Like all professionals you will be involved with, they are paid for their expertise and services--and it is you who hires or consults them. Always get several referrals and then "interview" the professionals, if possible, to see if you can work with them. Again, trust your intuition and observations. You can say: I'm shopping for an (attorney, doctor, dentist...) who understands disability. I'll get back to you when I decide what to do.

* Use of Anecdotes. Anecdotes are stories told to make a point. They are used to give examples. Anecdotes are a particularly useful tool if you meet face-to-face with an elected representative, are asked to testify at a public hearing or meeting or are writing a Letter to the Editor for a newspaper. People remember anecdotes. For example, if you feel that the school system is unresponsive or insensitive to your child you could talk about your child's IEP goals and explain how they are not being implemented. Or, you could say: My son Sean is in regular kindergarten. He can't talk. He uses sign language and a machine that talks for him when he pushes buttons. The teacher asked the children to bring in a favorite stuffed animal at story sharing time. Sean brought in his Snoopy, which he carries with him all the time. When it was his turn, the teacher wouldn't let him use his voice machine. She said it was disruptive and distracting to the other children. She has not learned his signs, so no one understand what he was doing with his hands. Sean stood in front of the class, silent. The teacher and children stared at him for a while and then she instructed him to sit down. He threw himself on the floor and had a temper tantrum. The teacher told the aide to take him out of the room for "time out." She then reported that Sean was becoming a problem child in her class and asked the principal to work out a behavior modification program.

A story in short declarative sentences is easier to understand than a lot of detail and opinion. Find a powerful story to make your point, and use it.

Advocacy is its own reward. And there will always be something to advocate for in this imperfect world. Accept that you cannot win all the time and that many goals may take months or years to reach. Give yourself a break now and again!

* Pick your battles. You'll have ample opportunity over the years to fight many, so choose them and space out your energy. And be creative--there is no limit to the tactics parents can choose as they advocate for what is right for their child with a disability. One parent may leaflet all the teachers' mailboxes to argue for inclusion of their child with Down Syndrome into a regular education classroom and win. Another parent may launch a full-scale litigation effort and win. Different circumstances require different actions and strategy on your part.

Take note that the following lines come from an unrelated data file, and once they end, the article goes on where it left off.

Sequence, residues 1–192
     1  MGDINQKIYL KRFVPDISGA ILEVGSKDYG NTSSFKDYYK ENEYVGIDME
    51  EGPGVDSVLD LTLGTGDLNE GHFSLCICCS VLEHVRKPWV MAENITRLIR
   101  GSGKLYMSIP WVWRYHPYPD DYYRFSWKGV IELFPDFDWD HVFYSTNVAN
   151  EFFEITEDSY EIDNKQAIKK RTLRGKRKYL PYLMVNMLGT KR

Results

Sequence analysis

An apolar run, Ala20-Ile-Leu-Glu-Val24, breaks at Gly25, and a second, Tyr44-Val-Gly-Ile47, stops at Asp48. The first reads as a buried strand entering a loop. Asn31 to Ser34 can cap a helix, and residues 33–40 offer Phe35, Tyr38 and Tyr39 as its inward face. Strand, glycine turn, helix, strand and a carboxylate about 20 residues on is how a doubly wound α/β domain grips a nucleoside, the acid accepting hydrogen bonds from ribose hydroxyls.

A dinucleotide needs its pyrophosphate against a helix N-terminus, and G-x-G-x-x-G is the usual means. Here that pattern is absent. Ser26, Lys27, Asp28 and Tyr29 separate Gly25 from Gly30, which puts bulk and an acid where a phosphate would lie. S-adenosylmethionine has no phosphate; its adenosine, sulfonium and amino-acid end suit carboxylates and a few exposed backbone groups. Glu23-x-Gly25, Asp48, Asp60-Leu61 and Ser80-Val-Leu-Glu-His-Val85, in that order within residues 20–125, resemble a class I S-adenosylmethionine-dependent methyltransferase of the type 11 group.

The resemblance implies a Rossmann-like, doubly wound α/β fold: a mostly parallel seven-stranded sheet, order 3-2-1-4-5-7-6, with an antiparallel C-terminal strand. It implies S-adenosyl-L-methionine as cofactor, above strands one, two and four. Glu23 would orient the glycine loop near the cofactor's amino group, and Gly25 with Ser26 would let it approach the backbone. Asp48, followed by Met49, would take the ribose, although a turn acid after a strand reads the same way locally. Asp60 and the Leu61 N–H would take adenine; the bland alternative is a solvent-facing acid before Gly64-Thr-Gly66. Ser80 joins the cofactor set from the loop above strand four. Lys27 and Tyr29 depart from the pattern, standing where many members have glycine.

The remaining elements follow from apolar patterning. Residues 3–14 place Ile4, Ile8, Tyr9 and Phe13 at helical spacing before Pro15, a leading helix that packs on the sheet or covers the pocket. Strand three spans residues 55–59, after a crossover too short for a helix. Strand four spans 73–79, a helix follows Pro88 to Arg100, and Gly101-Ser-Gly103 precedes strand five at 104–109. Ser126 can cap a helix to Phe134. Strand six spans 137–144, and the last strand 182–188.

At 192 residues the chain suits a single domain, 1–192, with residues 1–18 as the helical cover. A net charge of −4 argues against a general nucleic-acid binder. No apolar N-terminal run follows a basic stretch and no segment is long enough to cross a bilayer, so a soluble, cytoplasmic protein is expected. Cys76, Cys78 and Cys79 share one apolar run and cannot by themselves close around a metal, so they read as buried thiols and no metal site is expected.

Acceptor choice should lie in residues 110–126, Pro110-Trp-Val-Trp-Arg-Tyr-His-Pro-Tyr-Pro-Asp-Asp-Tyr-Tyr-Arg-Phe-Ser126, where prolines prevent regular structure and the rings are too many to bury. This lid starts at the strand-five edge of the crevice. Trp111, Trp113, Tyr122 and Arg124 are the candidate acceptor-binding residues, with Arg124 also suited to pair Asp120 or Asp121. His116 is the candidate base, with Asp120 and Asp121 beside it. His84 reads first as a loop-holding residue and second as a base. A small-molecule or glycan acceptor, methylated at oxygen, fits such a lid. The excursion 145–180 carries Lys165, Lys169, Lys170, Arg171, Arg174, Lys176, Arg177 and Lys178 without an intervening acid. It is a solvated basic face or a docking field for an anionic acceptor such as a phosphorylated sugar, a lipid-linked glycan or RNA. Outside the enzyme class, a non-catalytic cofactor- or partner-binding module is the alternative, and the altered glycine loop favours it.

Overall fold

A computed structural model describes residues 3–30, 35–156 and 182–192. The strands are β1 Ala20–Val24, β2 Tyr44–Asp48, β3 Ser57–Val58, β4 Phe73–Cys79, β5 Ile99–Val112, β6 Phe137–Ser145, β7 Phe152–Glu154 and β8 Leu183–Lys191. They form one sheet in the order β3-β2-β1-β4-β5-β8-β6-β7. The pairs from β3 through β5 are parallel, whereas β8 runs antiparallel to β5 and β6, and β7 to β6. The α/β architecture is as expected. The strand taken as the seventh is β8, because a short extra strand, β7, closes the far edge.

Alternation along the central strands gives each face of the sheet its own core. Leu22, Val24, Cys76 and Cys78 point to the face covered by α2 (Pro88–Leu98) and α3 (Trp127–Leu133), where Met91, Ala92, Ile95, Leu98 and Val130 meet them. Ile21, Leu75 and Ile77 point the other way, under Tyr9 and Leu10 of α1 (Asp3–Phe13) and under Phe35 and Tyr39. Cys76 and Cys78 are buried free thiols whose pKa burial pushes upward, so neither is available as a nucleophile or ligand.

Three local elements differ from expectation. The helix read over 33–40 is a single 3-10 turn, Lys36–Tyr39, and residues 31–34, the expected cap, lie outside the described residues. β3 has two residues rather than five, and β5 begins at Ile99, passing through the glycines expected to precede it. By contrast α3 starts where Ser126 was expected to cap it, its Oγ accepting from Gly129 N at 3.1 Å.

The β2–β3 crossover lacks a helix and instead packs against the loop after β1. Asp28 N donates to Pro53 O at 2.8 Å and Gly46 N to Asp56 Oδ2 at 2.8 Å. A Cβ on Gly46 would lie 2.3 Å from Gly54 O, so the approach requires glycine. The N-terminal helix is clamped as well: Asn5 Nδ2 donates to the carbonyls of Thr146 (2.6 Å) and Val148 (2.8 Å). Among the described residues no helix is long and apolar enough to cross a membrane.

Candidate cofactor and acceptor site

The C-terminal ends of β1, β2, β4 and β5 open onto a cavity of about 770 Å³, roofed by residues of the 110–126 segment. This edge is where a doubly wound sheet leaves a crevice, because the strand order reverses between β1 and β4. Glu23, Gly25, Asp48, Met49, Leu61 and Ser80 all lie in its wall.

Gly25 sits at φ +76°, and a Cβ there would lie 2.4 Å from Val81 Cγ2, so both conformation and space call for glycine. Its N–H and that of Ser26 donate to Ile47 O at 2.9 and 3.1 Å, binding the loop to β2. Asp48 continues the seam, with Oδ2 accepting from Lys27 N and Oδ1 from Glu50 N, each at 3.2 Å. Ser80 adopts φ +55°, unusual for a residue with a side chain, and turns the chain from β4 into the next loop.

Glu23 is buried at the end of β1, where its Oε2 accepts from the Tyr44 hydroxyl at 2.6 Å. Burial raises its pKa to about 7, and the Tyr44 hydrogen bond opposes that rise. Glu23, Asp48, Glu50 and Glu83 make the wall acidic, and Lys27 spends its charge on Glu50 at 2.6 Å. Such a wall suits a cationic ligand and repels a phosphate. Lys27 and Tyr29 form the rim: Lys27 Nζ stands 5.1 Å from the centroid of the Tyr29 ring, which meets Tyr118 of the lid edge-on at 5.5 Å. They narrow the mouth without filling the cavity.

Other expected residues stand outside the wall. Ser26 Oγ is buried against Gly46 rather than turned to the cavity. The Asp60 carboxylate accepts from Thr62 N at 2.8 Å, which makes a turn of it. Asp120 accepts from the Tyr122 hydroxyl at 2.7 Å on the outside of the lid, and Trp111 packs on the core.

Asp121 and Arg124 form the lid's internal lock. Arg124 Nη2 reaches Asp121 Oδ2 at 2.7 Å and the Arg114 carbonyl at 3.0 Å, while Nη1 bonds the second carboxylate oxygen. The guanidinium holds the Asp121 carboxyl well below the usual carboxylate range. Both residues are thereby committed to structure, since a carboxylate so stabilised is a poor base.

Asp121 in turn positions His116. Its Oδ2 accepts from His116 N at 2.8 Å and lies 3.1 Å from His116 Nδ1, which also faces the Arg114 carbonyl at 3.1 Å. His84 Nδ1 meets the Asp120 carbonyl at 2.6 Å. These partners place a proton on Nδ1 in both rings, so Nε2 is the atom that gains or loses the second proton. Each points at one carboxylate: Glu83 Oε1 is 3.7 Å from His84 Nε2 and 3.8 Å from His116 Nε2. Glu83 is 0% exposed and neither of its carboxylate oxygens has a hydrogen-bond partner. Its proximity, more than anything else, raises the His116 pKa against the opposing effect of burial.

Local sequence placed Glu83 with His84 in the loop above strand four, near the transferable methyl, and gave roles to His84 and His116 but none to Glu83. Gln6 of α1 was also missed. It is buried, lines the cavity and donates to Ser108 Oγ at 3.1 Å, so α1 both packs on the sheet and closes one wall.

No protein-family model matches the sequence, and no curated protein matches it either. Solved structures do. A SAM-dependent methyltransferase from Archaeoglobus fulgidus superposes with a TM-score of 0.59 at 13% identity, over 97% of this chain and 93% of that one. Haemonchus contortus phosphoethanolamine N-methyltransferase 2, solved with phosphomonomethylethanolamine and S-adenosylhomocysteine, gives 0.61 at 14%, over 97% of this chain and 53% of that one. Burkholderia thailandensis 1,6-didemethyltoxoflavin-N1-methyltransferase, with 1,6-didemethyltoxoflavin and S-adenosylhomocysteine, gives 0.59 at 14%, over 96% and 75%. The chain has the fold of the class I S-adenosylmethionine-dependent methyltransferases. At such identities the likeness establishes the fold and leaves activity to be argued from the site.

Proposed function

* Celebrate your victories. With each achievement, no matter how small, take a moment to congratulate yourself for a job well done. Have a party with your family or friends when you finally get Medicaid to pay for the specially-adapted toilet seat, when you secure SSI for your child or when you get the 'okay for payment' for an extended school year over the summer. Share the gladness of the moment when your child gets on the bus with his sister to go to the neighborhood school, or when your young adult daughter with a disability gets a job after a year of searching.

* Respect, not popularity. You'll know you are an advance when you feel like you have had to decide between being popular and being respected. In the long run, being respected will do more for your child than trying to keep everyone pleased. This might sound like we're suggesting you have to fight for everything and be combative. We are not saying exactly that. We are saying, however, that as you work to make sure your child's legal and social rights are won--because, unfortunately, they are not automatically provided or extended to your child--you will feel and act differently. And it will be worth it!

It is your right, your responsibility and your duty to speak up and out. We thank you for your efforts. We all gain when your child gains.
COPYRIGHT 1993 EP Global Communications, Inc.
No portion of this article can be reproduced without the express written permission from the copyright holder.
Copyright 1993 Gale, Cengage Learning. All rights reserved.

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Title Annotation:book excerpt
Author:Rader, Helen; Simpson, Jennifer
Publication:The Exceptional Parent
Article Type:Excerpt
Date:Sep 1, 1993
Previous Article:Residential placement: coping with separation.
Next Article:A place in the dugout: family mainstreaming in a rural community.